Edwin Vassallo launches deputy leadership bid: ‘PN right on IVF leave motion’

Edwin Vassallo, who broke ranks with the PN to vote against gay marriage, says his campaign for deputy leader will champion women’s rights, social inclusion and solidarity

Vassallo insisted he PN was right to oppose the government's legal notice
Vassallo insisted he PN was right to oppose the government's legal notice

Nationalist Party deputy leadership contender Edwin Vassallo has insisted the PN was right to file a motion challenging rules granting 100 days of leave for travel abroad to receive IVF treatment.

The PN claims the rules do not reflect the wording of the 2012 law on IVF that bans gay couples or single mothers from being granted IVF treatment in Malta.

But Vassallo, a former minister, also said he agreed with Nationalist MP Therese Comodini Cachia, who has called on Opposition leader Adrian Delia to grant MPs a free vote.

Vassallo said he felt Malta’s IVF laws, which outlaw embryo freezing, were good and had to be improved. But he insisted that the definition of prospective parents in the new legal notice, was different to what was “responsibly” laid down in the Embryo Protection Act.

Vassallo today aunched his campaign for deputy leader for parliamentary affairs. He has previously stated he would pull out of the race, if leadership candidate Chris Said were to submit his nomination, “in the interest of party unity”.

Asked whether he would still pull out if Said were not the only candidate in the race, Vassallo replied that he would do whatever was required of him by Delia. “I don’t want to get in the leader’s way, and if he finds a better solution than Edwin Vassallo to keep party united, I will pull out.”

Vassallo said his campaign theme, ‘Forward together’ (Flimkien il-quddiem), was his own personal mission. “Together, because we are one part and I want everyone to feel comfortable,” he said. “I want to bring back all those who felt excluded within the PN and only if united, can the party really hope to make a difference in the country.”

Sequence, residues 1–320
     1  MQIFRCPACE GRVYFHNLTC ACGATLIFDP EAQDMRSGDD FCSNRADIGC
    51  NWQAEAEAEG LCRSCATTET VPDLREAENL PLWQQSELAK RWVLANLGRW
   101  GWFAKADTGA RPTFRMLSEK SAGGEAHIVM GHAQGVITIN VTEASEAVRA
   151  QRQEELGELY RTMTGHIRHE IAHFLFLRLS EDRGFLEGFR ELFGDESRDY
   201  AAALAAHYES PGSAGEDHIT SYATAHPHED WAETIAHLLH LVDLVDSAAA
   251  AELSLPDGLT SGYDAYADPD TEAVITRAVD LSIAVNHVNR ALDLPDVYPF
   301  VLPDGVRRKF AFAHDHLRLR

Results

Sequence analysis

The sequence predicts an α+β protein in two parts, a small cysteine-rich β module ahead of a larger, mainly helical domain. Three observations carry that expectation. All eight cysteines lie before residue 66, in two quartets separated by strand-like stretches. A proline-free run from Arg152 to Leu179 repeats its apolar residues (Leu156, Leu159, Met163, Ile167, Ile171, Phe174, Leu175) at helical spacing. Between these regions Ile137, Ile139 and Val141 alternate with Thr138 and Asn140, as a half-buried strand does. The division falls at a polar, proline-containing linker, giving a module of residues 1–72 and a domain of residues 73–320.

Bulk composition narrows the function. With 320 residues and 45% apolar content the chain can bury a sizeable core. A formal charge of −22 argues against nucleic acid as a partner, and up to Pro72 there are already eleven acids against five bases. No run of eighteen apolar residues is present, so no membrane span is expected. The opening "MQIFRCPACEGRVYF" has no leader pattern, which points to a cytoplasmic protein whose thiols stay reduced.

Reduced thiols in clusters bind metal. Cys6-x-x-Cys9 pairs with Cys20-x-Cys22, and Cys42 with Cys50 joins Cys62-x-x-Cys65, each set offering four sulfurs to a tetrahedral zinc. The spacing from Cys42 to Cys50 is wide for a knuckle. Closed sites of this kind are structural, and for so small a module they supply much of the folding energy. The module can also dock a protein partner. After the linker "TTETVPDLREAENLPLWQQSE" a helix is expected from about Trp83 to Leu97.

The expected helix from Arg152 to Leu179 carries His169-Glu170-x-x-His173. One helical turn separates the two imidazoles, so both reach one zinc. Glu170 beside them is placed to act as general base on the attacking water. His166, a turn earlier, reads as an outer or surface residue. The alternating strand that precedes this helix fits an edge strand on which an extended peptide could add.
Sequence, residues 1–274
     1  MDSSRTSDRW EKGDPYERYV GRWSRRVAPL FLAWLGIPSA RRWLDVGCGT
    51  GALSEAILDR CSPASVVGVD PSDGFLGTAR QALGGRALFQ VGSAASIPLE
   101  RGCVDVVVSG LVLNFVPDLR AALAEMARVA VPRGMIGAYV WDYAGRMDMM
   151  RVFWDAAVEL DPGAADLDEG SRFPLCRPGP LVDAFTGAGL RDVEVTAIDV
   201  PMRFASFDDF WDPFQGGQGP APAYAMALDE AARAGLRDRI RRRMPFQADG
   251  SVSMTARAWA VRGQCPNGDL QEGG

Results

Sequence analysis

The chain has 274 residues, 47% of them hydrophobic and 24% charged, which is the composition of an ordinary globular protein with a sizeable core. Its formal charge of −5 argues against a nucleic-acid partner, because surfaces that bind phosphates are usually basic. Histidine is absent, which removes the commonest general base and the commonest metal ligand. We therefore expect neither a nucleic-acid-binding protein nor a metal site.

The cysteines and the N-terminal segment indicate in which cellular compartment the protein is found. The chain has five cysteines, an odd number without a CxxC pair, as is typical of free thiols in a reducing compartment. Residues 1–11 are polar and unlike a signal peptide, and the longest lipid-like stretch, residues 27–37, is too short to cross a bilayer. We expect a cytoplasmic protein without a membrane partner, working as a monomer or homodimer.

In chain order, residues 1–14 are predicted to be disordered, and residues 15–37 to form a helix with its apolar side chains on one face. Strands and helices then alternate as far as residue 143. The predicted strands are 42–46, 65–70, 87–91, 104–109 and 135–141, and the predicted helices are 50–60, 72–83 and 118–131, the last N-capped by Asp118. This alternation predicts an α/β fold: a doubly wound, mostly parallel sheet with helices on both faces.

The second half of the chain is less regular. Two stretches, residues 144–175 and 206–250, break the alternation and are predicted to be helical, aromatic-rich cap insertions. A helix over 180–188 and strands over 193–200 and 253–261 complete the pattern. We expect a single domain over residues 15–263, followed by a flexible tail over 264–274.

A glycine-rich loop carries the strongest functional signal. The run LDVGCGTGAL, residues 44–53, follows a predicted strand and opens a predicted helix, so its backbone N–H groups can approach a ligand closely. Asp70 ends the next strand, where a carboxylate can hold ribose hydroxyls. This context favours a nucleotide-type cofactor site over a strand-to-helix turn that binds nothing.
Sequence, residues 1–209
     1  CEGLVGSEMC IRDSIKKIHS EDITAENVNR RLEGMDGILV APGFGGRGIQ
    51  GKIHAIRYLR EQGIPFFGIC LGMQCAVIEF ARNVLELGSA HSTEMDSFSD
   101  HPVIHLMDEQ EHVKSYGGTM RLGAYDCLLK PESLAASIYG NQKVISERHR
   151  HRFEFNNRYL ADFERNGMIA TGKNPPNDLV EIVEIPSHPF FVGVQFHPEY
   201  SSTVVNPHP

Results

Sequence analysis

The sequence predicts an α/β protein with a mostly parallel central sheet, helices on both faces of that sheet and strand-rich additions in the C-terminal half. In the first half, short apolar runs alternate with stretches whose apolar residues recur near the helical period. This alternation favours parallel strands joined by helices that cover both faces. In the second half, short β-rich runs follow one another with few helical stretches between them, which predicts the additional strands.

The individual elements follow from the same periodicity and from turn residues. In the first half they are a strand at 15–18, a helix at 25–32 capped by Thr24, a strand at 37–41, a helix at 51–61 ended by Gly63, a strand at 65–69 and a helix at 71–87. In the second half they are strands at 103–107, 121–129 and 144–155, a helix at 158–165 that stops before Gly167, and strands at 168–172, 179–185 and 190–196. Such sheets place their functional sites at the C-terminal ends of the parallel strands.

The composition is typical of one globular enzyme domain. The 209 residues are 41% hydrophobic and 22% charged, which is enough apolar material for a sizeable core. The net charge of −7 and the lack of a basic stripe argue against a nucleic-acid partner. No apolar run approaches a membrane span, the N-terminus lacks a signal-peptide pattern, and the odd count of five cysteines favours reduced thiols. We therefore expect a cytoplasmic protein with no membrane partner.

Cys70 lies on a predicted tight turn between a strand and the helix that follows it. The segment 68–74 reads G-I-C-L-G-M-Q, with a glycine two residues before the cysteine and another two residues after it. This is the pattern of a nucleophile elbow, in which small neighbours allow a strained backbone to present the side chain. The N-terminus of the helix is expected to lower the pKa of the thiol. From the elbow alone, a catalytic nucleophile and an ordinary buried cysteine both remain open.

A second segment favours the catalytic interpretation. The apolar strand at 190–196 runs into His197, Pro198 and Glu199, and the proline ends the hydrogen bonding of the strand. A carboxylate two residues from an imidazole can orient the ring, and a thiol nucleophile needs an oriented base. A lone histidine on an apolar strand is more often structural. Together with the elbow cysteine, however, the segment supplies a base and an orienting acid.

Above all, he said that he had stepped forward because he wanted to promote human dignity, stressing his priorities as “real and social poverty”, fighting for women’s rights, promoting solidarity and above all social inclusion.

“We can’t have any one feeling abandoned in their own community,” Vassallo, formerly a mayor for Mosta, said.

‘For liberty, not for libertinism’

Vassallo also affirmed his belief in freedom, people’s right to their beliefs, “but not in libertinism”.

“Equality does not mean rendering all people identical, but appreciating the differences among people. I am not a populist, I make my choices on the basis of values and principles,” he said.

“I have never shied away from defending that which I believe in and I have always done this because I believe many others hold the same values.”

Vassallo, who in July voted against gay marriage, against the PN whip’s instruction, insisted he never sought to push his beliefs onto others.

“I want to lead a campaign based on the people… politics should be developed on the streets and in work places rather than political party headquarters.” 

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